These tendencies persist today – with the transition of affordable cinemas into “luxe” venues, and the proliferation of boutique cinema chains (by which we mean £17+ a ticket…). But liberal-minded cultural commentators fail to see how their guardianship of the art form risks creating a toxic environment that can exclude people from the cinema. And this isn’t just about defending the popcorn munchers, it’s also about speaking up for diverse audiences who may have different cultural conventions about how you sit in a cinema and enjoy a movie together.
Two contrasting cases in point: Vue once marketed their 18+ only screenings for films of any certificate with the phrase “same film, no annoying distractions”. Think with horror about what that means… (and how amazingly dumb and harmful it is). From a different point of view, let’s also consider the experience of seeing a crowd pleaser like Med Hondo’s SARRAOUNIA (1986) as part of a season of the filmmaker’s work at BFI… Seeing that film with the largely Black audience was truly exhilarating, full of the kind of whoops and cheers of appreciation you don’t normally expect from the capital’s cathedral to cinematic excellence. Why was this tolerated? Well, some folk from the BFI’s regular crowd weren’t there to object…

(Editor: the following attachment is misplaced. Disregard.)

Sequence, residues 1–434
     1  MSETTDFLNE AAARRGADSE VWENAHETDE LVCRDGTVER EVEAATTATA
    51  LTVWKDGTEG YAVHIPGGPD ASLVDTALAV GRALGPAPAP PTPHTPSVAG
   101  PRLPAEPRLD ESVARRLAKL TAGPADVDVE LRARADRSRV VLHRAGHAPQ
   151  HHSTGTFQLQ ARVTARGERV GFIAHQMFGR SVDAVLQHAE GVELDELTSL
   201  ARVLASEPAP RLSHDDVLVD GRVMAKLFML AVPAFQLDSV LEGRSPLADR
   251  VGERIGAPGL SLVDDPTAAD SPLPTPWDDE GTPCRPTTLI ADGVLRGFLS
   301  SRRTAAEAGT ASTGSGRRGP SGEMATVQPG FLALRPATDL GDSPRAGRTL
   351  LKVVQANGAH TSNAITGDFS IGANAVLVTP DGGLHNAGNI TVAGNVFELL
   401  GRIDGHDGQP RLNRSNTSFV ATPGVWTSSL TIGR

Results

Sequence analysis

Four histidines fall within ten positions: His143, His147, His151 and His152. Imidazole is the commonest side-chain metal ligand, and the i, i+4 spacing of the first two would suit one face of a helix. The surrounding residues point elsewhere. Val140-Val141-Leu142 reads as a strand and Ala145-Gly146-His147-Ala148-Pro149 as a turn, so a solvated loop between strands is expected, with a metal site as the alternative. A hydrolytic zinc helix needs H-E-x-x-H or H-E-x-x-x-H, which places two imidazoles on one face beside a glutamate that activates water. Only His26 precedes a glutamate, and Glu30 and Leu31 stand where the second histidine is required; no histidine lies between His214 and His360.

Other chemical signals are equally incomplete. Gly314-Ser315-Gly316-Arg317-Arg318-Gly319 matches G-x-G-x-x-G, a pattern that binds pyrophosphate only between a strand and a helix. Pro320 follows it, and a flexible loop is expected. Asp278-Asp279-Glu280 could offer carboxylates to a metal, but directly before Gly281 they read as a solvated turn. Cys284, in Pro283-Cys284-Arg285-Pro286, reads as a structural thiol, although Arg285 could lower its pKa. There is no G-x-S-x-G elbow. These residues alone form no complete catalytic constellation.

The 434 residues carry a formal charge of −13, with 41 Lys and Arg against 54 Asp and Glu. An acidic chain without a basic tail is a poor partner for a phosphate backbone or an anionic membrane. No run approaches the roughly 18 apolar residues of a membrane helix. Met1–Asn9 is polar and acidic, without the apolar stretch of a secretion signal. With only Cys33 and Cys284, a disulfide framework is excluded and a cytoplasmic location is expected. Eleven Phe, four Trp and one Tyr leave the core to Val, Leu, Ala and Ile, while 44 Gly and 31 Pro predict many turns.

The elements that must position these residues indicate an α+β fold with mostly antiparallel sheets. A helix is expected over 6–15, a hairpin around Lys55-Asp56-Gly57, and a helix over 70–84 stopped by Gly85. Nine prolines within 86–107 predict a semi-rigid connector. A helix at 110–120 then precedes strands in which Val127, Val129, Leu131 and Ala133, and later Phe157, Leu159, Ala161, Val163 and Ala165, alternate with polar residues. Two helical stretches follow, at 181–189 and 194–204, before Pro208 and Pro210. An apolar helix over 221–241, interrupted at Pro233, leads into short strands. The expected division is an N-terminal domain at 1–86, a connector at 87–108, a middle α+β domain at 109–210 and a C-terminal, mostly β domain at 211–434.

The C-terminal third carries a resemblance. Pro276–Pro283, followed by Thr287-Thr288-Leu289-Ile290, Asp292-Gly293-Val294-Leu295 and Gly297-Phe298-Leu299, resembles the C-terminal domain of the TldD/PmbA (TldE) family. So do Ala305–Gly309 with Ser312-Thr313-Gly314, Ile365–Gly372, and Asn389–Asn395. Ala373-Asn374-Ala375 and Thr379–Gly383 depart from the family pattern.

Now, that’s not to say audience behaviour can’t be a challenge. One of my most ‘memorable’ experiences was seeing SAVING PRIVATE RYAN in the USA shortly after release at a matinee screening near a major tourist attraction on the West Coast… I’d forgotten how their certification is largely advisory and the audience included families with very young children who had opted to see a new movie from that nice Mr Spielberg in the afternoon comfort of an air-conditioned auditorium… I literally can’t remember the film… But I put that one down to my own stupid fault.